FOSDEM - a geek trip to Brussels. Going abroad to experience different cultures. Or at least, a chance to eat chips, suffer rain, and watch American TV in a different country.Friday
For various health reasons I had been on a three day fast before FOSDEM. That ended when I arrived on Thursday evening. In fact, I even made use of the one hour time difference so I could finish it earlier. A quick stop to drop bags at the hotel and it was out to Le Poechenellekelder to spend the first of my budget of euro, and the last of my allowance of calories.
I had no idea what three beers would do after fasting.
So I headed back to the hotel (at only 00.30 or so) and spent a couple of hours working on the emulator I was writing on the train over here. But, whatever magic was at work, it meant that I finished a working version! This included a basic debugger, tape reader, and a test program to write 'Hello world.' I should probably check the file datestamps to work out when I went to bed, but I'm not sure I want to know. All I want to remember is that it was the most productive journey I've had in a long time.
With such a late finish the night before, meant I could have a lay in the morning after. It was well deserved. But since I had to switch hotels, I still needed an alarm. You see, this year I was a speaker on one of the main tracks (a first for me!) so the organisers had booked me into the 'official' hotel at the Atlas. I, due to 'reasons' was travelling out on the Thursday and so needed a single night in a vacant place the night before. Consequently, I spent Friday morning dragging a suitcase through the streets of Brussels, in the rain, to my second home for the weekend. I checked in. Found that my room was decorated with photographs of places in South Africa that I had visited (as if they knew), dumped by bags and headed out for supplies. Knowing that I'd spend at least 40% of my weekend exhausted I headed to the nearest supermarket for cola, sweets, chocolate, and (of course) beer! I always give each of my FOSDEM talks with a beer in hand. It's a tradition. (One I like to think I started.) And since I had three talks on the schedule this year, meant I needed to find three beers. This is the hidden code of FOSDEM!
The afternoon was to be spent trawling the second hand electronic shops, but I got distracted by humans - which in this case was a good thing. A rare occurrence! This ended up with two of us accidentally discovering the Brussels Beer Project, a bar in St Catherine, before making our pilgrimage to Delirium. (A place I'm only now beginning to learn how to spell!)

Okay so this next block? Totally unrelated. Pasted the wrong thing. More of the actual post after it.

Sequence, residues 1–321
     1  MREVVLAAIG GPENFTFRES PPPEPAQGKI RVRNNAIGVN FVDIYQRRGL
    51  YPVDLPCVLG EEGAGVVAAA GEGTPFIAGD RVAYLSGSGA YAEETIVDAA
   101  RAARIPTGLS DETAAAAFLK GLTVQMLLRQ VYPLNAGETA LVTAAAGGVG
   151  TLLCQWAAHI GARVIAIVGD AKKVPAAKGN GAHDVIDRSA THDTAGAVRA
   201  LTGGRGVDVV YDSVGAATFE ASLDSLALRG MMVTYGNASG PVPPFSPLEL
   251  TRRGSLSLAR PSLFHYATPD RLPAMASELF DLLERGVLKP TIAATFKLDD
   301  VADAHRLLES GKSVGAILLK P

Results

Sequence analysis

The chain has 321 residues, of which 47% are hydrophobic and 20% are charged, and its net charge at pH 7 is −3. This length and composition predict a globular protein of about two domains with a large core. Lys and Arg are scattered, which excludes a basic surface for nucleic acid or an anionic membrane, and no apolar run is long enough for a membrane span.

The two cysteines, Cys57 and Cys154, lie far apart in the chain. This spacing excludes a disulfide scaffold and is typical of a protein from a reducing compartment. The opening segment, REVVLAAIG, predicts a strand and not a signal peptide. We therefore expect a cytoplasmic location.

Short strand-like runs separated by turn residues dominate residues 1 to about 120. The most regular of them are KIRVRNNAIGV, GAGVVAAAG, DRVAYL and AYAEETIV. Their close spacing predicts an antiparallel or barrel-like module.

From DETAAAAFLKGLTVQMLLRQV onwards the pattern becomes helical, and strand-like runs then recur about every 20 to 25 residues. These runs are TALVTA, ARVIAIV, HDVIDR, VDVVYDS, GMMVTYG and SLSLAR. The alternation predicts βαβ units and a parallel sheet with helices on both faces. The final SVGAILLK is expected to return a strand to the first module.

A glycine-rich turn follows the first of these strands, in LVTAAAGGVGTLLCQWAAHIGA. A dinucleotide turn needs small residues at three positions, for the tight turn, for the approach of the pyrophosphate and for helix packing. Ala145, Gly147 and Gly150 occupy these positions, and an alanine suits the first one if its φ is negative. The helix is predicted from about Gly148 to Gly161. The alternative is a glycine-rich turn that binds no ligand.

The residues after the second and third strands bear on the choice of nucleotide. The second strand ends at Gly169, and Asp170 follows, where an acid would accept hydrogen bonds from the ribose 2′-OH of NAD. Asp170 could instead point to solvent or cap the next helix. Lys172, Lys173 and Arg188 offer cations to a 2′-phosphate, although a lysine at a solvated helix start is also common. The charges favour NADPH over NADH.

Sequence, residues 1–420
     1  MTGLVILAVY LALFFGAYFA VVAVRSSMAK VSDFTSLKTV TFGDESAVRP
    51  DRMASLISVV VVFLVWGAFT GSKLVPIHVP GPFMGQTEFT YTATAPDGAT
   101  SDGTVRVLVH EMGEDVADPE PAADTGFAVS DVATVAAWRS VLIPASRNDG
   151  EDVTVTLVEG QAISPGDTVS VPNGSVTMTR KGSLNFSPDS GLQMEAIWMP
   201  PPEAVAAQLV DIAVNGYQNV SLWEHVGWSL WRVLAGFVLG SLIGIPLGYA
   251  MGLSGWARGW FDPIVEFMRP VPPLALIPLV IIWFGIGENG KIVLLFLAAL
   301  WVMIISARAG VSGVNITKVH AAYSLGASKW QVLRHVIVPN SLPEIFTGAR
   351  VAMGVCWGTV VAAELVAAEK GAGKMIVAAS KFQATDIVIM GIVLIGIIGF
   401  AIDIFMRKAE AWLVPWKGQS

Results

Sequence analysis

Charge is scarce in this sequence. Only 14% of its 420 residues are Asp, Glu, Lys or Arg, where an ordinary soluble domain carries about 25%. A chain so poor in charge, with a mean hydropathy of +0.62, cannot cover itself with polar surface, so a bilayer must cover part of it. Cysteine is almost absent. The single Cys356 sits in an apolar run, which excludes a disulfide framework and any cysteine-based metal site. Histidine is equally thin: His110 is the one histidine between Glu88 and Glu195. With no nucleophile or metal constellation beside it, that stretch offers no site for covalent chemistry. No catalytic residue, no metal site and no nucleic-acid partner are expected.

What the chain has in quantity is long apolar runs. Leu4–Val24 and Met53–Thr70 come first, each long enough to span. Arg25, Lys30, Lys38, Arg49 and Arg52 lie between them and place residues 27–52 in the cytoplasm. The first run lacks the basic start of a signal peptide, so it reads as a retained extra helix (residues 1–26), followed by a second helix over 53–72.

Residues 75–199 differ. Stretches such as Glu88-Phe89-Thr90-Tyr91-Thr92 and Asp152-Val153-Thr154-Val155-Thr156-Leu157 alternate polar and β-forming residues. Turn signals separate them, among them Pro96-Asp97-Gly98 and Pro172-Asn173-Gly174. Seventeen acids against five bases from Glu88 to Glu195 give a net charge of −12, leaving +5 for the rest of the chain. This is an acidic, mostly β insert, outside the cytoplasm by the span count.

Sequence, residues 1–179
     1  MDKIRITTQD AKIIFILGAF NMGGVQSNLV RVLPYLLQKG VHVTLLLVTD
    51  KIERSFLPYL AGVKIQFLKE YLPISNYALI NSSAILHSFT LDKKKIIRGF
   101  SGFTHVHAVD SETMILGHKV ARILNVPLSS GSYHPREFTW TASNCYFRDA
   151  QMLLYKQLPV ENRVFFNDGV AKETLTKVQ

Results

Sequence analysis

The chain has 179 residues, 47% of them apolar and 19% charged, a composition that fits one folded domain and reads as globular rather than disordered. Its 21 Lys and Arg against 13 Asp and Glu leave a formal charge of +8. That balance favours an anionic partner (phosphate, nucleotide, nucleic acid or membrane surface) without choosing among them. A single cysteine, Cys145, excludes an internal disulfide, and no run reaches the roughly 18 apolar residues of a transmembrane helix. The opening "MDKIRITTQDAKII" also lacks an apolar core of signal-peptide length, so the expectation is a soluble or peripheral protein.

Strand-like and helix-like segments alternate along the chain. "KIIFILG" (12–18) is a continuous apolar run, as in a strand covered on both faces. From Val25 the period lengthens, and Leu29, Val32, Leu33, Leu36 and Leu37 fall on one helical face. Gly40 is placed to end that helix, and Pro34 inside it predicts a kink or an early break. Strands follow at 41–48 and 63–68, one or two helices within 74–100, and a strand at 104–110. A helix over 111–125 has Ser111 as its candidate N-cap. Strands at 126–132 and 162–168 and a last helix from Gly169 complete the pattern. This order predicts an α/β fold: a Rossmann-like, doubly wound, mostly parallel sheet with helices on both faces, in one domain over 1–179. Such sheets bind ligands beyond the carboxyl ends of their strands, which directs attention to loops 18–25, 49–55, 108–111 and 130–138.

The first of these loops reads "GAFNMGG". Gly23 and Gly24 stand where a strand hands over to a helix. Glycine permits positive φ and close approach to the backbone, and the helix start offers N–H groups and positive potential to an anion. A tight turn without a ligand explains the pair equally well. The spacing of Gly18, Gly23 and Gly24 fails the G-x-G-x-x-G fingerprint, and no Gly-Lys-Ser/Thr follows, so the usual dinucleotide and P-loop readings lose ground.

The Delirium Cafe has, for the last few years, hosted the Friday night beer event. Every year I think it'll be my last trip, as the place is too oversubscribed and the token system results in a much smaller selection than the bar offers. (Since they have over 3000 beers in their cellar, and you have a choice of 20, that's an understatement.) But we arrived at 6pm so the place wasn't stupidly busy, and we did get to spent a couple of decent hours here. However, seeing as the place hadn't exceeded 8.5 on the 'Steevs Sardine Density' score when we left I think that either, a) the incoming trains were all delayed, b) people had been put off by last years experience and decided to not bother. On the plus side it meant the bar could be traversed in a time less than the heat death of the universe. But the beer was served in such small plastic cups you felt like you weren't getting your money's worth and, as I'm a beer sommelier in my other life, I couldn't understand why Delirium Nocturnum should taste like bad coffee.
When the sardine density hit 9.0 we left and headed towards 'the horse place' for dinner, so called because it's where one can get good quality horse meat. Tonight's choice, however, was plain. Carbonade flamande. A regretful choice, since it wasn't as good as the ones I make at home. But I'll know for next time.
I returned to Delirium, for the sole reason of using the remaining tokens I'd bought, and bumped into an old friend (that I thought was still in Australia) and some new friends and chatted tech, geek, and life for a few hours before both tokens and wakefulness power had been depleted. Back to the hotel. Tomorrow was a big day.Saturday